I’ve since discovered the Dean Martin version from 1954, which in some ways I like more.
The 1999 version is an upbeat clubby trashy EDM tune. The 1954 version is soothing and, more easy listening.
1954 – Dean Martin Version
1999 – Shaft Version
“¿Quién será?” is a bolero-mambo written by Mexican composer Luis Demetrio, who sold the rights to fellow songwriter Pablo Beltrán Ruiz. Beltrán recorded the song for the first time with his orchestra in 1953. Pedro Infante, for whom the song was written, recorded it in 1954.
Norman Gimbel took the song, removed the somewhat melancholy Spanish lyrics about a man wondering if he shall ever love again, and wrote brand-new English lyrics about a man praising his dancing partner’s ability to affect his heart with how she “sways” when they dance. This new song, titled “Sway”, has become a standard in both the pop and jazz repertoire. The first version to achieve considerable success in the United States was recorded by singer Dean Martin with the Dick Stabile orchestra in 1954.
Thanks to Seax for the suggestion (In response to Patti Page). I hadn’t heard The Andrew Sisters before … This tune was the one I liked best from a short outing on YouTube – from 1941 !
I’m not quite sure what the genre is called, roughly I’d say “Swing”, but feel free to correct me if I’m wrong.
“Boogie Woogie Bugle Boy” is a song which became a major hit for The Andrews Sisters and an iconic World War II tune that first appeared in the Abbott & Costello comedy film, Buck Privates. It reached number six on the U.S. pop singles chart in early 1941. The song is ranked No. 6 on Songs of the Century. Bette Midler’s 1972 recording of the song also reached the top ten on the U.S. Billboard Hot 100.
“Boogie Woogie Bugle Boy” was nominated for the Academy Award for Best Original Song but lost out to “The Last Time I Saw Paris”.
The song is closely based on an earlier Raye-Prince hit, “Beat Me Daddy, Eight to the Bar,” which is about a virtuoso boogie-woogie piano player.
Feminist anthem?, or at least that’s what Google told me. Whatever, I guess, I still really like the song, without seeing the need to culturally appropriate good music to attempt to further an identity politics cause. For me largely it’s about talent, not identity.
Jean Knight has charisma and talent, it’s a cool catchy tune, and I like it. Just enjoy the music and the lady’s art.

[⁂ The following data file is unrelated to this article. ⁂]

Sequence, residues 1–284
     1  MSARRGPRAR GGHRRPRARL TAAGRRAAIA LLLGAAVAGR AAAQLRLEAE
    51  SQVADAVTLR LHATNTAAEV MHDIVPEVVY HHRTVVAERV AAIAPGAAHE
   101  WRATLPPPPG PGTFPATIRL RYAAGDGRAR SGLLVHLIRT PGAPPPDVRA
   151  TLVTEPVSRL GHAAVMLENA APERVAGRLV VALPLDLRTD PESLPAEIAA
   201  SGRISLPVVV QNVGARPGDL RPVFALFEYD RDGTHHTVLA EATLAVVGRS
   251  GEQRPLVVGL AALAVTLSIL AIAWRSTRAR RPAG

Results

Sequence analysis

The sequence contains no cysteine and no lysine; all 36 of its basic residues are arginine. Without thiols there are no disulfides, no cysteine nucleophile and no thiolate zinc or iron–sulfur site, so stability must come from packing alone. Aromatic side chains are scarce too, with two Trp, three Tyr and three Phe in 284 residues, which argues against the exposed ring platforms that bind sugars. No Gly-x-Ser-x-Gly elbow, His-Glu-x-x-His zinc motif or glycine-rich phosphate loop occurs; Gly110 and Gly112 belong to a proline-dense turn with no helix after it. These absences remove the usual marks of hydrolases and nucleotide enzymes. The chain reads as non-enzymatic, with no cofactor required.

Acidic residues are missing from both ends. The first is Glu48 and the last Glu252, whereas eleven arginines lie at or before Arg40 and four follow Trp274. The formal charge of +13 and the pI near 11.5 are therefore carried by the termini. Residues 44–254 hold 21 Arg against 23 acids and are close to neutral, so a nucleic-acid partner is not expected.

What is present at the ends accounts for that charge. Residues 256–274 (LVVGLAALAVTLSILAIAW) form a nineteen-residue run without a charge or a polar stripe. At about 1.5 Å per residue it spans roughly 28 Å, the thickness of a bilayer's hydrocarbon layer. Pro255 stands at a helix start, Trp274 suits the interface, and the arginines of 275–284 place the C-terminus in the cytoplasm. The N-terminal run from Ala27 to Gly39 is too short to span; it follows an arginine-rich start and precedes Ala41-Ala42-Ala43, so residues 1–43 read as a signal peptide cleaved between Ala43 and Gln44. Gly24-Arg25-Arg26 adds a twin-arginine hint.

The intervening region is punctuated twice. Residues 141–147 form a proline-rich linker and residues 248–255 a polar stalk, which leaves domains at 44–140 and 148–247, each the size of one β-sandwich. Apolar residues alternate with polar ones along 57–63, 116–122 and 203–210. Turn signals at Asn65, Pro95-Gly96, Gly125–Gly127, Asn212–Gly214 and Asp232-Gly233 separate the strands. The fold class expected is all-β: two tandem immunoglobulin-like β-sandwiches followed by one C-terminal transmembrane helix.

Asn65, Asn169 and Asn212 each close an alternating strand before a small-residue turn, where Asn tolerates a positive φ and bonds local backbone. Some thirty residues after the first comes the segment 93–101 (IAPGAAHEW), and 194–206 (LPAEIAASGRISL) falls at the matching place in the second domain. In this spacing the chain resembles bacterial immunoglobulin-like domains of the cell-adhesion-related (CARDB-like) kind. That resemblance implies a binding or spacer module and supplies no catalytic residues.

The Studio Version
The Kinda Live Version
“Mr. Big Stuff” is a song by American singer Jean Knight. The song was recorded in 1970 at Malaco Studio in Jackson, Mississippi at the same session as “Groove Me” by King Floyd. Knight’s single was released by Stax Records because of the persistence of Stax publisher Tim Whitsett, and “Groove Me” by King Floyd, which Whitsett strongly urged Malaco to release, also became a hit. Both songs are defined by two bar, off-beat bass lines and tight arrangements by Wardell Quezergue.
Released on Knight’s 1971 debut album of the same title, it became a huge crossover hit. The song spent five weeks at no. 1 on the Billboard Soul Singles chart and peaked at no. 2 on the Billboard Hot 100 Singles chart, behind “How Can You Mend a Broken Heart” by The Bee Gees. Billboard ranked it as the No. 18 song for 1971. The song went double platinum and the no. 1 Soul Single of the year.
I think this is another tune that stuck in my head after a TV advert – I think for Morrisons supermarkets in the UK in 2000s … Simple, uplifting, pop music …
“Shine” is the second single taken from Take That’s comeback album, Beautiful World (2006). It became Take That’s sixth consecutive number one single and their tenth number one overall, making them one of only seven acts in the history of the UK charts to have more than nine number one hits. The song is about former Take That member Robbie Williams’ battle with depression.
What a guitar riff … Classic Clapton/Cream. “Psychedelic Rock”
“Sunshine of Your Love” is a 1967 song by the British rock band Cream. With elements of hard rock, psychedelia, and pop, it is one of Cream’s best known and most popular songs. Cream bassist and vocalist Jack Bruce based it on a distinctive bass riff he developed after attending a Jimi Hendrix concert. Guitarist Eric Clapton and lyricist Pete Brown later contributed to the song. Recording engineer Tom Dowd suggested the rhythm arrangement in which drummer Ginger Baker plays a distinctive tom-tom drum rhythm, although Baker claimed it was his idea.